MassDOT just released an in-depth study of traffic congestion in Massachusetts. The study quantifies the increasing unreliability of driving as a result of congestion. While the report offers no quick fixes, it adds urgency to many ongoing projects and discussions.
The real issue is unreliability. Average commute times measured by the census bureau drifted up by 2.5 minutes in the Boston area between 2008 and 2017. That is an annoyance.
What is unacceptable, is that every week or two, when something goes wrong, the trip can take twice as long. That means that people have to plan for the possibility of longer trip times and need to leave much earlier. For example, the trip from Burlington to Kendall Square via Route 2 most commonly takes about 30 minutes, but on 1 in 10 days takes over 56 minutes and can take up to 90 minutes.
Route 2 eastbound to Alewife emerges as one of the 5 most severely congested route segments in the state, with travel times at rush hour almost 4 times longer than free flow travel times. Fresh Pond Parkway, continuing Route 2 through Alewife to the Charles is one of the most consistently congested segments in the state — it is congested for 14 hours out of the average day.
The available data do not include driving travel times on local roads, but congestion on local roads is reflected in planned speeds for MBTA buses which have declined from 12.7 miles per hour in 2009 to 11.5 miles per hour currently.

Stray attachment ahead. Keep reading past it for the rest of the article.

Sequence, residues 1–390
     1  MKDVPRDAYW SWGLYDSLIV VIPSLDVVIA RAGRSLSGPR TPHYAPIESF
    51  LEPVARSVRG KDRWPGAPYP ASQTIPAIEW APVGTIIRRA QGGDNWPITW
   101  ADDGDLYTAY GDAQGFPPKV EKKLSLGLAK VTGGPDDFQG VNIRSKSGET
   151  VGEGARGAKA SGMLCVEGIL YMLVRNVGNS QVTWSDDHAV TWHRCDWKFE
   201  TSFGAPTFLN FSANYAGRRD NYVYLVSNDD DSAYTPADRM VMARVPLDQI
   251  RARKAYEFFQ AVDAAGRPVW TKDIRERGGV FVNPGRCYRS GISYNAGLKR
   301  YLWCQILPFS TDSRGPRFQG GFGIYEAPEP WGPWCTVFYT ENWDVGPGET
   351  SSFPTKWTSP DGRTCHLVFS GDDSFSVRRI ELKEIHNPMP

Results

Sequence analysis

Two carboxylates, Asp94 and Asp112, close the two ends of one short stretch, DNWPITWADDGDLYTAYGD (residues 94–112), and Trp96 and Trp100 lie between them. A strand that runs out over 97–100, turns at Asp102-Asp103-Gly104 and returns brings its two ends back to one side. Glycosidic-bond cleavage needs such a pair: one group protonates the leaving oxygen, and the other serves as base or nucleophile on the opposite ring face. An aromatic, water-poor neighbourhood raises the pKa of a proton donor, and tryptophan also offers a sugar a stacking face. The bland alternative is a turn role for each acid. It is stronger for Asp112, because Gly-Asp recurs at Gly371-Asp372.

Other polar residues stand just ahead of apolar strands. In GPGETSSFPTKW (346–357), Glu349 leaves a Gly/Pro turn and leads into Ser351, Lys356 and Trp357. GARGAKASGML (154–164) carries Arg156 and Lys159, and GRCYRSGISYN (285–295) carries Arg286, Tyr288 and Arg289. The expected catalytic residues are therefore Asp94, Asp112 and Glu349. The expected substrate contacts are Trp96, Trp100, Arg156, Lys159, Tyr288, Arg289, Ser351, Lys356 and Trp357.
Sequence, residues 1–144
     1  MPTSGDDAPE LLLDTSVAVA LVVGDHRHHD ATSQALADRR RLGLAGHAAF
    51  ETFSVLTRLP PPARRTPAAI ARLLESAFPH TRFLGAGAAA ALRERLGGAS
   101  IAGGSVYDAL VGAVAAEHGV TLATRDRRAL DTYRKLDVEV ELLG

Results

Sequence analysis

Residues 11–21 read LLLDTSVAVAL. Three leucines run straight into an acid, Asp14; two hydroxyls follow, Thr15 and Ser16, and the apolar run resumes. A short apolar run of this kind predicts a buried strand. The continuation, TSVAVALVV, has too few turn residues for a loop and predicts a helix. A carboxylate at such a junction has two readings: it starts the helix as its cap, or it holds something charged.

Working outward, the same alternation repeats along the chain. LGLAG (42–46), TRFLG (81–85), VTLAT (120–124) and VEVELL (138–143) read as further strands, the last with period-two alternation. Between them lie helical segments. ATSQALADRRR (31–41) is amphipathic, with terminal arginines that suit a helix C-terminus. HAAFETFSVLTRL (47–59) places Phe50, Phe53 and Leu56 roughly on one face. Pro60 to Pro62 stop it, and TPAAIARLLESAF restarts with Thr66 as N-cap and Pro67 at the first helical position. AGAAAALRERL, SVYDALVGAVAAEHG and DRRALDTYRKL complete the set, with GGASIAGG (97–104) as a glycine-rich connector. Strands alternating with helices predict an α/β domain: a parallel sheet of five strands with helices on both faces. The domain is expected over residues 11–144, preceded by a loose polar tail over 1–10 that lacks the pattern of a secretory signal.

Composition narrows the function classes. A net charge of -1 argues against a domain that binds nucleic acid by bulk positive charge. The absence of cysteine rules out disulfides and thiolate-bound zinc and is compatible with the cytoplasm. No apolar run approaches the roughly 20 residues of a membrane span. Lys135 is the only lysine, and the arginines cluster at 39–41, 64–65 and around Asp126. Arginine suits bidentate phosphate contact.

There are a few good news items. The trip time of the 501 bus from Brighton to Boston has actually dropped a little with the introduction of automatic tolling on the MassPike. The median trip time is now running just over 35 minutes. However, 10% of the time the trip takes over 45 minutes.
The study highlights the improvements for the 71 and 73 buses due to the new bus lane on Mount Auburn Street between Belmont Street and Mount Auburn hospital. Median trip times on that stretch are down by 3 minutes. Bus reliability has improved even more, with the 90th percentile trip-time dropping 5 minutes.
The study finds that the fundamental cause of congestion is prosperity. Rising population and employment have crowded the roadways, especially in the Boston area. High housing prices close to Boston push people further and further out, putting more cars on the major inbound routes.
As to solutions, the study is realistic. It re-emphasizes the importance of a number of long-term projects that are already under way, including increasing MBTA capacity and ridership.
For me, the most sobering chart in the report compares the traffic volume on major commuter corridors with the commuter rail lines that parallel them. On the major corridors, the drivers outnumber train riders by 5 to 10 fold. On the one hand, these data highlight the availability of more potential train riders. On the other hand, given parking and other constraints, the work of the Rail Vision Study suggests that it will be difficult to raise commuter rail ridership into Boston by much more than 50%. Ridership increases of this hopeful scale would mean relatively little reduction in vehicular volume, given the expectation of continued trip increases.
These data suggest an eventual hard limit on central Boston employment growth unless more housing can be accommodated within the core. And, of course, housing development is already generating local concerns about crowding. The report recommends that, in addition to striving to reduce Boston congestion, we need to encourage growth in less congested gateway cities.
The report does discuss the concept of congestion pricing. It concludes that we cannot meaningfully or fairly introduce congestion pricing using the toll structures now in operation on the MassPike and regional bridges and tunnels. But it does cautiously open the conversation about the possibility of new tolling locations, preferring the approach of tolling only added “hot” lanes as opposed to tolling everyone. We will have much more discussion about congestion pricing in the months to come.